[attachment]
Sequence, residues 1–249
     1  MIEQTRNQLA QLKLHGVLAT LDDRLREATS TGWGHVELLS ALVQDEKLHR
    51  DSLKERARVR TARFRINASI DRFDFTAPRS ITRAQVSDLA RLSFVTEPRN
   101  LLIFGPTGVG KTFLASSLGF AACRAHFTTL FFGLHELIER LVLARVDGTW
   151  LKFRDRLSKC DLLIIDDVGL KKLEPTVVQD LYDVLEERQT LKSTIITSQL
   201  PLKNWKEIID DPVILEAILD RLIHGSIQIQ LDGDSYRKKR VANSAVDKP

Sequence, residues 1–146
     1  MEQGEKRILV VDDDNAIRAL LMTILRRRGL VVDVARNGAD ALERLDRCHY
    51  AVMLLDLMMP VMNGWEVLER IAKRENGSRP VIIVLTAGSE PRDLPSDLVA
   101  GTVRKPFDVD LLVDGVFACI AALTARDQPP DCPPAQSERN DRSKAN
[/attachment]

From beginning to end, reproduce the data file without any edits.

Sequence, residues 1–249
     1  MIEQTRNQLA QLKLHGVLAT LDDRLREATS TGWGHVELLS ALVQDEKLHR
    51  DSLKERARVR TARFRINASI DRFDFTAPRS ITRAQVSDLA RLSFVTEPRN
   101  LLIFGPTGVG KTFLASSLGF AACRAHFTTL FFGLHELIER LVLARVDGTW
   151  LKFRDRLSKC DLLIIDDVGL KKLEPTVVQD LYDVLEERQT LKSTIITSQL
   201  PLKNWKEIID DPVILEAILD RLIHGSIQIQ LDGDSYRKKR VANSAVDKP

Sequence, residues 1–146
     1  MEQGEKRILV VDDDNAIRAL LMTILRRRGL VVDVARNGAD ALERLDRCHY
    51  AVMLLDLMMP VMNGWEVLER IAKRENGSRP VIIVLTAGSE PRDLPSDLVA
   101  GTVRKPFDVD LLVDGVFACI AALTARDQPP DCPPAQSERN DRSKAN